General James Mattis also wants the U.S. in Iraq; his role on General Dynamics paid $88,479 cash and stock options last year. General Anthony Zinni, who wants at least 10,000 troops, is a board member to BAE Systems’ US subsidiary and also works for several military-focused private equity firms. Frances Townsend has positions in two investment firms with defense company holdings, MacAndrews & Forbes and Monument Capital Group, as well as acting as advisor to defense contractor Decision Sciences.”

The U.S. has actually been training and arming Syrian rebels in Turkey and Jordan during the past six years. Keane’s ISW, which made money out of the venture, promised that this action will create stability. Many of the groups that were part of the Free Syria Army—and who we trained—have now joined ISIL with their CIA-backed training and equipment.

The United States caused the Middle East to implode by removing Saddam Hussein from Iraq with no contingency plan. The loss of his power led to the rise of fundamentalist movements that resulted in the Isis Caliphate and the exploitation of Syria’s populist uprising. Without U.S.-provided training, weapons, and funding, ISIL would never progressed into starting war throughout the Middle East and leading to serious global issues.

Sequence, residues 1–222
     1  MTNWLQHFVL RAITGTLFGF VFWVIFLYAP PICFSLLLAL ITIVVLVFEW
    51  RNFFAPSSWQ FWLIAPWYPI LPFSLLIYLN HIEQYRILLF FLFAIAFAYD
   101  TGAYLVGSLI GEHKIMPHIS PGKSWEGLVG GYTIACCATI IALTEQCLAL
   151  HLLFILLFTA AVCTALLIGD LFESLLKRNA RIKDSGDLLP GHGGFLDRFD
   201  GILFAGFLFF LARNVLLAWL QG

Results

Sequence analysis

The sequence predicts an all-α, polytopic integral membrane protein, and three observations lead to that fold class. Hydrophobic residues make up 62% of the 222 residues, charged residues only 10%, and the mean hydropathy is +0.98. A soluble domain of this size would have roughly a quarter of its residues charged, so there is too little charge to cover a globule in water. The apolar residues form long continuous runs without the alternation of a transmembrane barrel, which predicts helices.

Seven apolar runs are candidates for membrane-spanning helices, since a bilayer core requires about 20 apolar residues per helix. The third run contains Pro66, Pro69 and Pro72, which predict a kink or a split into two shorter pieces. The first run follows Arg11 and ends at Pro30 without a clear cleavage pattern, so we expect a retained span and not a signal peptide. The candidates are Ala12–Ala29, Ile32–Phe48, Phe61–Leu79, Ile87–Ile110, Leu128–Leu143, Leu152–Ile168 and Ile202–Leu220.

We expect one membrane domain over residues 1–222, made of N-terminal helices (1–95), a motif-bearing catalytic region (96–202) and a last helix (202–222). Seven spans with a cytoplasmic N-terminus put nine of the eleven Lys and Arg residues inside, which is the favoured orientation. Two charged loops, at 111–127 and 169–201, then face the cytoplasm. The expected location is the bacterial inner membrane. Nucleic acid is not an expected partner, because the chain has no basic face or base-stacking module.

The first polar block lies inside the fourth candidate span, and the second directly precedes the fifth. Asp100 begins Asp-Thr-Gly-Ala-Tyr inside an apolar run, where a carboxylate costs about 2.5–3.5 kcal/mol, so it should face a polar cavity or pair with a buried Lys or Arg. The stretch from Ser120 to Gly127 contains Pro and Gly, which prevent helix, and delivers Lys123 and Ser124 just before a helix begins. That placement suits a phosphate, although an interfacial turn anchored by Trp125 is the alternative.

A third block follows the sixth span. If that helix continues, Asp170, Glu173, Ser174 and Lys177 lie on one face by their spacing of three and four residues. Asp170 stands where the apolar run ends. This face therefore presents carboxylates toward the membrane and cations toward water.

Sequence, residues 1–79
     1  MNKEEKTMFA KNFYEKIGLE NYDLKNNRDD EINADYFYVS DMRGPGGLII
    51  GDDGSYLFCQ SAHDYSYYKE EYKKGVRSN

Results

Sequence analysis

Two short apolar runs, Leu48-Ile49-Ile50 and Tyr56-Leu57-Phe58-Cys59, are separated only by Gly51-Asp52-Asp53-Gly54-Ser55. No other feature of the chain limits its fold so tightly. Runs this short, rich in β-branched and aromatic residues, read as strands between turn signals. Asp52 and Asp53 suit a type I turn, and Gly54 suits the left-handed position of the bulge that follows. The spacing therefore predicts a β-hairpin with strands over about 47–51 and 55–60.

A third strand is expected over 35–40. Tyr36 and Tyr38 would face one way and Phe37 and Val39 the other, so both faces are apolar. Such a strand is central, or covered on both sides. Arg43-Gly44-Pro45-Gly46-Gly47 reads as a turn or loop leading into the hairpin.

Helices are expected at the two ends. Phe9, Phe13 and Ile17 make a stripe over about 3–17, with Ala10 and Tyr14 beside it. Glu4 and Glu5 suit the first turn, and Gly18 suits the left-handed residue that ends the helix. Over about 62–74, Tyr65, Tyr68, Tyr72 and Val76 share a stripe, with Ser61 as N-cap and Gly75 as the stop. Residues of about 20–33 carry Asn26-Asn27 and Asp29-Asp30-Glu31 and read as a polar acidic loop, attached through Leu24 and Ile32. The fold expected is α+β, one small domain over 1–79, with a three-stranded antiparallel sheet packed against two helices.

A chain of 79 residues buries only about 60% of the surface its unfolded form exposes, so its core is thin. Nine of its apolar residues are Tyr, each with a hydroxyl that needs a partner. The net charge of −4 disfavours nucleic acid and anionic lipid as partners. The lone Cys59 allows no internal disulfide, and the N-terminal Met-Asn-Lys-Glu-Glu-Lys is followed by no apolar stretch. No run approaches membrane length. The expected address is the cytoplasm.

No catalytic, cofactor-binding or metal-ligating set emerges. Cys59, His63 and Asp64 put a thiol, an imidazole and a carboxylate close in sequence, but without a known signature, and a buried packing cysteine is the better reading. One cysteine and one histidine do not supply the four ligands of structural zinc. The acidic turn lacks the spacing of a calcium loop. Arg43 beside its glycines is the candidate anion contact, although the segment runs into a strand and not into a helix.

The plan to arm more so-called moderates that can then take their weapons to ISIL is reminiscent of the protest sign during the Bush years: “We’re making enemies faster than we can kill them.”

We need to listen to Aristotle’s advice: “It is not enough to win a war; it is more important to organize the peace.” We have never had a strategy for winning the war that George W. Bush created at the beginning of his first term and then nurtured during his eight years in Washington. The U.S. needs a strategy for peace, not war.

September 16, 2014

GOP Supports Equal Pay, Unanimously Votes against It

Filed under: Elections,War,Women's issues — trp2011 @ 8:52 PM
Tags: , ,


While ISIL dominates the news, Congress continues to vote against the people of the United States. In last night’s vote, the four female GOP senators joined the rest of their caucus in a unanimous vote against the Paycheck Fairness Act. It was the third time since 2012 that the GOP has voted down the bill. The legislation required 60 votes to move on to debate but received only 52, a unanimous vote from Democrats.

New Hampshire’s Kelly Ayotte (left) thinks that it would prohibit merit-based pay. She also voted against it because Democrats opposed her amendment to the legislation.

Maine’s Susan Collins (second from left) thinks that the Civil Rights Act the 1963 Equal Pay Act are enough protection to provide equal pay. According to Collins, the proposed law would “impose a real burden … on small businesses.” She thinks that women get paid less because of their own choices.